The Cabaret Chronicles: Nicolas King, Carly Ozard, Ann Hampton Callaway, and Sarah-Louise Young!
Well, readers, it's been a busy month for me, but amid all of the hustle and bustle, I've managed to take in some truly outstanding entertainment. From 19-year old Nicolas King to one of the greatest established treasures of the Great American Songbook, Ann Hampton Callaway, it was definitely a musical month to remember!
When Nicolas King hits the stage, one is immediately blown away by his charisma, poise, charm, and...YES, talent! At a mere 19 years of age, the remarkable musicality and vocal prowess displayed by Mr. King are very exciting to watch. Exciting in their own right, because they make for one heck of an entertaining show, but perhaps even more exciting is thinking about what's in store for the future. Equally at home belting out a theater tune or scatting on a jazz standard, Mr. King shows incredible versatility and brings his own take to each song - something special in any performer for sure, but made extra special considering his young age. Titled NINETEEN, the show was a celebration of Mr. King's debut album of the same name, as well as various other favorite songs of his that are not on the album. In a program full of showstoppers, it's hard to single out favorites, but I was particularly impressed by "Mr. Paganini." Mr. King handled this challenging tune (first popularized by the incomparable Ella Fitzgerald) like an old pro, seamlessly transitioning between tempos and easily playing around with the melody. Also of note was his tender medley of "Where Is Love" and "Blame It On My Youth," which showed off a softer side of voice and allowed his acting chops to shine. "It Don't Mean A Thing (If It Ain't Got That Swing)" was yet another standout. Featuring an a capella start, an extremely zippy tempo, and an incredible scat solo, this selection served as another harbinger of incredible things to come in Mr. King's career. Supported by the top-notch trio of musical director Mike Renzi on piano, Chip Jackson on bass, and Buddy Williams on drums, Mr. King put on a simply incredible show at Manhattan's Metropolitan Room- one can only hope that he'll return for another solo gig in NYC soon!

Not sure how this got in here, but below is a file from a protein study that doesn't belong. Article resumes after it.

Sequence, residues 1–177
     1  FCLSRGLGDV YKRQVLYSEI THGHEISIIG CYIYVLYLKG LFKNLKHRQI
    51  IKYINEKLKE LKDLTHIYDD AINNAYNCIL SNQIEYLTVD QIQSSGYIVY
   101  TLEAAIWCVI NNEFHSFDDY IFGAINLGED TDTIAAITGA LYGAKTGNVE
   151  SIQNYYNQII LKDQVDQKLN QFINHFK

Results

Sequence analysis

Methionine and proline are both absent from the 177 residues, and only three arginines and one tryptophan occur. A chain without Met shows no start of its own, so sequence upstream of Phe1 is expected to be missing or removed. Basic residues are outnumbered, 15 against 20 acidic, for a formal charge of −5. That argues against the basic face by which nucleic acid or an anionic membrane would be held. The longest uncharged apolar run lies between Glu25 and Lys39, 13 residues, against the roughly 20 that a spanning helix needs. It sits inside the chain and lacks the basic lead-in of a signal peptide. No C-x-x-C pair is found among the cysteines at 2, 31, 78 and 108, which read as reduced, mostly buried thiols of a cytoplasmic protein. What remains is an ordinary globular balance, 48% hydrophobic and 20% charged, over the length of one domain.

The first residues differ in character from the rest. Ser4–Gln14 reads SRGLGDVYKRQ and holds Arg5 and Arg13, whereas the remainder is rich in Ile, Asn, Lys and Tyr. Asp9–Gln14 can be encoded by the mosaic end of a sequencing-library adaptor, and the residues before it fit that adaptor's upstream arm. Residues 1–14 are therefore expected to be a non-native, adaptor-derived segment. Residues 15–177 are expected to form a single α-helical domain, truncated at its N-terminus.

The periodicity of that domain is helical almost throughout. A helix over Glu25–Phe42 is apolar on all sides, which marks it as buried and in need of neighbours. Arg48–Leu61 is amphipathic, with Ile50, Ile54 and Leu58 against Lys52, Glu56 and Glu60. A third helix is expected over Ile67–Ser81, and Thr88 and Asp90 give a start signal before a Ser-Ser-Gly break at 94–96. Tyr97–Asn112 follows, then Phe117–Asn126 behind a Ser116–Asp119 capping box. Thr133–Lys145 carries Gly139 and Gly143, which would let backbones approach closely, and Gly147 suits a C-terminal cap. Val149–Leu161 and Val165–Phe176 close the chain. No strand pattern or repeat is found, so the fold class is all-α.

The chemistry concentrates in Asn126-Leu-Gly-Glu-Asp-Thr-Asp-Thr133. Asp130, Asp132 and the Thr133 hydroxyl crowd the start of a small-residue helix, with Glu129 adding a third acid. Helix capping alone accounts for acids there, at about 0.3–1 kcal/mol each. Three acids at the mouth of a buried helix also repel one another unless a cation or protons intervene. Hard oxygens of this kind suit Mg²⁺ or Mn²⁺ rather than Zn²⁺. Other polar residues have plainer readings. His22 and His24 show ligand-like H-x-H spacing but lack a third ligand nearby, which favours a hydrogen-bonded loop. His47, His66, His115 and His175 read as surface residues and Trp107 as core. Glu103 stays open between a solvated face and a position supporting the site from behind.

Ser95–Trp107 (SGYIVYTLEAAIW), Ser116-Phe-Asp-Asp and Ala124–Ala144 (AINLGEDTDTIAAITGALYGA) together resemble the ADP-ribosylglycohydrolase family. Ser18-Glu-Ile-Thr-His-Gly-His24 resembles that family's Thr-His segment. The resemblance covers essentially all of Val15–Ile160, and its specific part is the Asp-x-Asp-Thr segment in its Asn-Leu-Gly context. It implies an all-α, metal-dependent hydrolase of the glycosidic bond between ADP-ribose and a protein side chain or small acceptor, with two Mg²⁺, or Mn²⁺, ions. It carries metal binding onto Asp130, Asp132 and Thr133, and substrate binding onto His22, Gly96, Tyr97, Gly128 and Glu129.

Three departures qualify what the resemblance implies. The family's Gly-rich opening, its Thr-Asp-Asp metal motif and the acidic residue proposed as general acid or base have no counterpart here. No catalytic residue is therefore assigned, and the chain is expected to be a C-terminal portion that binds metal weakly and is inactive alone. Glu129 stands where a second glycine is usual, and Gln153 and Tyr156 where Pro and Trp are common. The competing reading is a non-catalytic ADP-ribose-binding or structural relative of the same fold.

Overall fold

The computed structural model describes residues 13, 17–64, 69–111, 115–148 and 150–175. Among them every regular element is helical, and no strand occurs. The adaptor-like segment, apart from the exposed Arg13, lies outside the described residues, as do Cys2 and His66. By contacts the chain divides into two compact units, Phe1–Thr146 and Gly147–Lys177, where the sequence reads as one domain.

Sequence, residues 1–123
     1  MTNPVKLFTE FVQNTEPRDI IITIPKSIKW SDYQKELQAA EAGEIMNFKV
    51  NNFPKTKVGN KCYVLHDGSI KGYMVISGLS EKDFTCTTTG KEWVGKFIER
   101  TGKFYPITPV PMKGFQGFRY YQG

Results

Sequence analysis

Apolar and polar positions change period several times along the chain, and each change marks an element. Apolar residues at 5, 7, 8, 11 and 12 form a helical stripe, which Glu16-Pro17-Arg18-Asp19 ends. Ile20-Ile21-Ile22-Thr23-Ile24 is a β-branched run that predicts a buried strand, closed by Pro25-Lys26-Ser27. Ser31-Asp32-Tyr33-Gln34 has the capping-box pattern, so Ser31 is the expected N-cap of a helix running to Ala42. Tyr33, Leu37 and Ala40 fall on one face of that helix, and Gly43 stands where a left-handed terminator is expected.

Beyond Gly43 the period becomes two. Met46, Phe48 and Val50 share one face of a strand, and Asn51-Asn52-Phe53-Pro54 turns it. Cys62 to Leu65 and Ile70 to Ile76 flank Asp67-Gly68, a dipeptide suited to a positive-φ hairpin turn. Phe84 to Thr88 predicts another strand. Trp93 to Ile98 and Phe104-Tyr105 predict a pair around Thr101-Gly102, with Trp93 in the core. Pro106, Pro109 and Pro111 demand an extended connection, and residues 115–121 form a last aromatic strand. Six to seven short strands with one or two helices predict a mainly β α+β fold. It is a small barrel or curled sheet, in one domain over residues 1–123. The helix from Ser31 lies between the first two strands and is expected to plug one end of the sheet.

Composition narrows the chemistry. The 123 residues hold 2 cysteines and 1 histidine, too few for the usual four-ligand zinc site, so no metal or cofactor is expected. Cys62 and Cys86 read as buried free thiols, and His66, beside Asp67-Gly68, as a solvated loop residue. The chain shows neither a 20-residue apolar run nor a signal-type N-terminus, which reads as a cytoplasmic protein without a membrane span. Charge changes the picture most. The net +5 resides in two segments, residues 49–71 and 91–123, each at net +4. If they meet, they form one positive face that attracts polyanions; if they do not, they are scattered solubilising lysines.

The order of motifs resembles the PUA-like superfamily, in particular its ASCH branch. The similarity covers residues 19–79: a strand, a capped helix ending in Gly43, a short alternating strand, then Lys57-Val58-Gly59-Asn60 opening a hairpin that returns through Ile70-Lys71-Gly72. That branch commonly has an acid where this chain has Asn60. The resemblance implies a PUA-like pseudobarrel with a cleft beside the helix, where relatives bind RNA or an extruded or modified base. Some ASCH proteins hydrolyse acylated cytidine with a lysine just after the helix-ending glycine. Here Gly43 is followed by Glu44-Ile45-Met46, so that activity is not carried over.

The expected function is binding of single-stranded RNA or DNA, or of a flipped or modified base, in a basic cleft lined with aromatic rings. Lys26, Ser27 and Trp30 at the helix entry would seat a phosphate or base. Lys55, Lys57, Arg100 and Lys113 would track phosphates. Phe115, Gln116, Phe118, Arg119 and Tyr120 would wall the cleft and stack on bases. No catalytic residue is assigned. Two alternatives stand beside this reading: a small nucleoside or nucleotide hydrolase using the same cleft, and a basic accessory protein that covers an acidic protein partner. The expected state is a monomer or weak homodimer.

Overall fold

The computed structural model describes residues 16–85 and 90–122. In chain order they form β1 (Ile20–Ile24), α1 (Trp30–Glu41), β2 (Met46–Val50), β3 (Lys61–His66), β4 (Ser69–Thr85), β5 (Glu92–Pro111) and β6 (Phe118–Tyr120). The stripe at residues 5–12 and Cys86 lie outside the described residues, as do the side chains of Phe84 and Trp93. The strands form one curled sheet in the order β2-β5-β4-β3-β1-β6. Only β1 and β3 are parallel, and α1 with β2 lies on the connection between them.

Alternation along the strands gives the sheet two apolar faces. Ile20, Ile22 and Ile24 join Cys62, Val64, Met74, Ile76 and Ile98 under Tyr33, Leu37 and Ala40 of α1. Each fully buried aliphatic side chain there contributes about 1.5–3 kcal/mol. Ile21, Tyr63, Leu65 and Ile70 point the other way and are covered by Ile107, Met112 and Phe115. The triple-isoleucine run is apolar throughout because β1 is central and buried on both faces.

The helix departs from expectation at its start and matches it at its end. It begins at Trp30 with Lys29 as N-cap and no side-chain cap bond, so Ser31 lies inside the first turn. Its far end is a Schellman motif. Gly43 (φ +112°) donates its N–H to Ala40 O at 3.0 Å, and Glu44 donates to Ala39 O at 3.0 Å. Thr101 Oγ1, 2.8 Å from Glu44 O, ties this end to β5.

Exactly a week after Mr. King's show, I had the opportunity to see another young performer in a completely different type of show, and I had an equally great time! Talented Bay-Area vocalist Carly Ozard made her NYC debut in Somebody to Love: My Musical Tribute to Freddie Mercury at Don't Tell Mama, and what a debut it was! Full of heart, passion, great music, and fantastic vocals, it was a thoroughly entertaining show from top to bottom. Backed by a truly rockin' band (Musical Director Joe Wicht on piano, Brendan Getzell on guitar, Matt Scharfglass on bass and David Silliman on drums), all of whom joined in on backup vocals, Ms. Ozard broke through all kinds of barriers (A classically trained vocalist singing rock? A female vocalist covering Freddie Mercury? A "cabaret show" consisting entirely of rock music?) to put on one of the most thoughtful, heartfelt shows I've seen in quite a while. Explaining her obsession with Freddie from a very young age (even her DOG is named Freddie Mercury), it was clear to see that this music spoke to her heart. Weaving in stories from her own life (the stress of training in classical voice at college made a lovely segue into "Under Pressure," for example!) with stories about Freddie (the singer, not the dog!), Ms. Ozard kept the show flowing beautifully and also showed off her quick wit and easy sense of humor in some impromptu exchanges with the enthusiastic audience. She wisely chose to make "Bohemian Rhapsody" an audience participation number (she's very talented, yes - but it would have been quite a challenge to sing all of the parts simultaneously!), which allowed everyone to allow their inner "Queen" out and join in the fun. A remarkable debut to be sure - hopefully Ms. Ozard will be returning to Manhattan soon, too!